The Center’s mission is to advance legal equity, access to justice, and fairness in Arkansas and the region. Bowen professors Anastasia Boles and andré douglas pond cummings co-founded the Center and will act as its co-directors.
“The Center will provide educational and professional development opportunities for Bowen law students, empowering them to become the next generation of legal leaders,” said Boles. “Research fellowships, such as the newly created Sam Reeves Racial Justice and Criminal Justice Reform Fellowship, will provide stipends for student researchers.”
In addition, the Center will focus on specific criminal justice research projects while offering workshops and educational events for the legal community and the community as a whole.
“The Center is enthusiastic about engaging with stakeholders across the state, including the legal and law enforcement communities, academics, students, and community members, in developing research tools and sharing data to improve the lives of all Arkansans,” said cummings.
Another part of the Center’s mission is to increase diversity in law school and the legal profession. The law school recently received a $25,000 grant from the Building Black Communities Fund, coordinated by the Arkansas Community Foundation and the Arkansas Black Philanthropy Collaborative, to create and implement a law school pipeline program that will include an LSAT prep course as well as prospective student visits to the law school to sit in on classes and learn how to navigate the law school application process. The course will be part of Bowen’s existing pipeline programs with Arkansas historically Black colleges and universities.
An advisory group of leaders, policymakers, and criminal justice experts from across the state representing a range of perspectives and experiences will support the Center’s work. This will ensure the Center and its initiatives are designed and executed in a way that maximizes collaboration, engagement, efficiency, transparency, and credibility.
“The Center is firmly rooted in Bowen’s core values of access to justice, public service, and professionalism,” said Dean Theresa M. Beiner. “The events over the past year have brought these values to the forefront. Many students choose to attend law school because they seek to improve their communities and to be part of local, regional, and national conversations about the legal system. The Center, through research opportunities and educational programs, will give them the opportunity to achieve those goals.”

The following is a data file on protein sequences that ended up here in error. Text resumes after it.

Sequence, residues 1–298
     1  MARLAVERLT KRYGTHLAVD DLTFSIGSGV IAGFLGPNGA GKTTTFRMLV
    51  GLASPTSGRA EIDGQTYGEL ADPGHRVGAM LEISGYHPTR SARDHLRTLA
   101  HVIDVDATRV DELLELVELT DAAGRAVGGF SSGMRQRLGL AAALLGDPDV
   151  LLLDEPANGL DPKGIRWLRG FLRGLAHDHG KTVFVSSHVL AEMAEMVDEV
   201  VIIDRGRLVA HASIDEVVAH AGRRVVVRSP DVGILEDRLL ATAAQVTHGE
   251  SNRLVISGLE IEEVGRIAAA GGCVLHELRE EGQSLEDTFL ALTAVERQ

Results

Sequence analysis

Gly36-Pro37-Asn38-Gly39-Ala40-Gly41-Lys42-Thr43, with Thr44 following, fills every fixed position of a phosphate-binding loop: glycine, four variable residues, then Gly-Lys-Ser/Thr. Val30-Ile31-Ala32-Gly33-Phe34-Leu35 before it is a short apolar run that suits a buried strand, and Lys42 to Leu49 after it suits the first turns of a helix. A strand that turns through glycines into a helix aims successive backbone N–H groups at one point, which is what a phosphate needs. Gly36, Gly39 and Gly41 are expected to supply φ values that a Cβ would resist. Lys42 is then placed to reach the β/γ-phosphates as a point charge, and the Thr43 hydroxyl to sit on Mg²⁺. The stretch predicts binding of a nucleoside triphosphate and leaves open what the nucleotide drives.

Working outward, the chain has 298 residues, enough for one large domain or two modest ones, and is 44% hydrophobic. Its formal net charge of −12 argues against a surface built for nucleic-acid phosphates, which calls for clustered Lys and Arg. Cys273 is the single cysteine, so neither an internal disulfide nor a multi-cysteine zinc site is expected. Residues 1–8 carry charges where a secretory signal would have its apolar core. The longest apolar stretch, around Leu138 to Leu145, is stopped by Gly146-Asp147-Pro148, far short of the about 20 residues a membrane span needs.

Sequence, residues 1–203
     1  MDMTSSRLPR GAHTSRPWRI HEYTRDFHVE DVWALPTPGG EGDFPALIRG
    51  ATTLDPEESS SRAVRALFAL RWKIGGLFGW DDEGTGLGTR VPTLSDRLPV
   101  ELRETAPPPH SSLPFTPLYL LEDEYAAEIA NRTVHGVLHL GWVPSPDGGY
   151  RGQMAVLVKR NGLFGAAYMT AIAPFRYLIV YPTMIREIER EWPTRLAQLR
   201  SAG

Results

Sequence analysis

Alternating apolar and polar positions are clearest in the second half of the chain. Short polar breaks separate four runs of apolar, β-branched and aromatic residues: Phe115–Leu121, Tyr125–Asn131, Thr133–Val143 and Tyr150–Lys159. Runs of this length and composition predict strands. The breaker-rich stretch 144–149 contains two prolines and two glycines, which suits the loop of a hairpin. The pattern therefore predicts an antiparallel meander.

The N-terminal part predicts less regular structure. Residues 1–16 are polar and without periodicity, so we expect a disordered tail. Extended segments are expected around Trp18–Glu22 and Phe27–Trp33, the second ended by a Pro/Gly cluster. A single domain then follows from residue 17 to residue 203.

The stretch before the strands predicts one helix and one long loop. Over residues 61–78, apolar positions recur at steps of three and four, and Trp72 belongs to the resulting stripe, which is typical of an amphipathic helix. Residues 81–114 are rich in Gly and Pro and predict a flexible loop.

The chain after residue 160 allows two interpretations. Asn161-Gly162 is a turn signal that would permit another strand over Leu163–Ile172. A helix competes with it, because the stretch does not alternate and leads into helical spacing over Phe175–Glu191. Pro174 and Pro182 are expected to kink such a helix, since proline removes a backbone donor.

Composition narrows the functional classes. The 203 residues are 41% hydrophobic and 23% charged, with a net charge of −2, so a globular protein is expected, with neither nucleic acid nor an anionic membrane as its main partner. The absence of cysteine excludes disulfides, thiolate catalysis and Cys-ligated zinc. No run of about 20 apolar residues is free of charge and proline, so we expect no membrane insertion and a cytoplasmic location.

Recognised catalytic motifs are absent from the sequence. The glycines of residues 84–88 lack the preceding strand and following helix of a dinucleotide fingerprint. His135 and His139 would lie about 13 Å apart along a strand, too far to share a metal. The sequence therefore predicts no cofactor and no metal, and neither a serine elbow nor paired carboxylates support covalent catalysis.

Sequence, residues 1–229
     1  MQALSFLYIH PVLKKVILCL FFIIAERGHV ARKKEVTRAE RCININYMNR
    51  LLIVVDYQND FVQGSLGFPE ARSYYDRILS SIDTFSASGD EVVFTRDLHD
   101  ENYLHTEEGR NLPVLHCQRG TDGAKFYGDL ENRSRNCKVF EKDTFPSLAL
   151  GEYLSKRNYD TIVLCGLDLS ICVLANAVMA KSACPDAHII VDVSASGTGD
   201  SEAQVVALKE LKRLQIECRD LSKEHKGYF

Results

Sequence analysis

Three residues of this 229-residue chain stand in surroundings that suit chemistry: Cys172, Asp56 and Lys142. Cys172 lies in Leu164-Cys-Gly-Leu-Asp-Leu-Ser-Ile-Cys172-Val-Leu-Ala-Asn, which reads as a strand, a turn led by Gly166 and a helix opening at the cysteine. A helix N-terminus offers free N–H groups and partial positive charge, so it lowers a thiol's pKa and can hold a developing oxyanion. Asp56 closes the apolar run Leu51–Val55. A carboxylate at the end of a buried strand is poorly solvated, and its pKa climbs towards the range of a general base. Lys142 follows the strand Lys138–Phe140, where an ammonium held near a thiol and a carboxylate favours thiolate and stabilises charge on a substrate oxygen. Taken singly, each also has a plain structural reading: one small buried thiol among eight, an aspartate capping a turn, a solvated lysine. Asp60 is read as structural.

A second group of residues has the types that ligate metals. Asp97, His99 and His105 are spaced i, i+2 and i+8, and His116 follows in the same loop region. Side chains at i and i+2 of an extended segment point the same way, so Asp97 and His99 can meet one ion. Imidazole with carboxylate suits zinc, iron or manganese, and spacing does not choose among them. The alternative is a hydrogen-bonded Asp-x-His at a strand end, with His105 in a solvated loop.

The Center will build on other Bowen initiatives, including the Racial Disparities in the Arkansas Criminal Justice System Research Project. That project released a 2015 report analyzing racial disparities in Arkansas criminal sentencing and has worked with the community to examine criminal justice issues. In addition, the Rural Practice Incubator Project trains and supports new attorneys who wish to open law practices in underserved counties in Arkansas. Bowen’s public service externship program also provides students opportunities to work in federal, state, and local court systems, government agencies, and non-profit organizations.
“The Center for Racial Justice and Criminal Justice at the Bowen Law School builds on a long-standing institutional commitment to foster discussion of racial equity issues in our communities,” said UA Little Rock Chancellor Christina Drale. “Chancellor Joel Anderson made this commitment explicit in 2003 when he implemented the annual Racial Attitudes Survey to promote racial equity through research and dialogue. We are proud to continue this public service tradition through our new center at the Bowen School of Law.”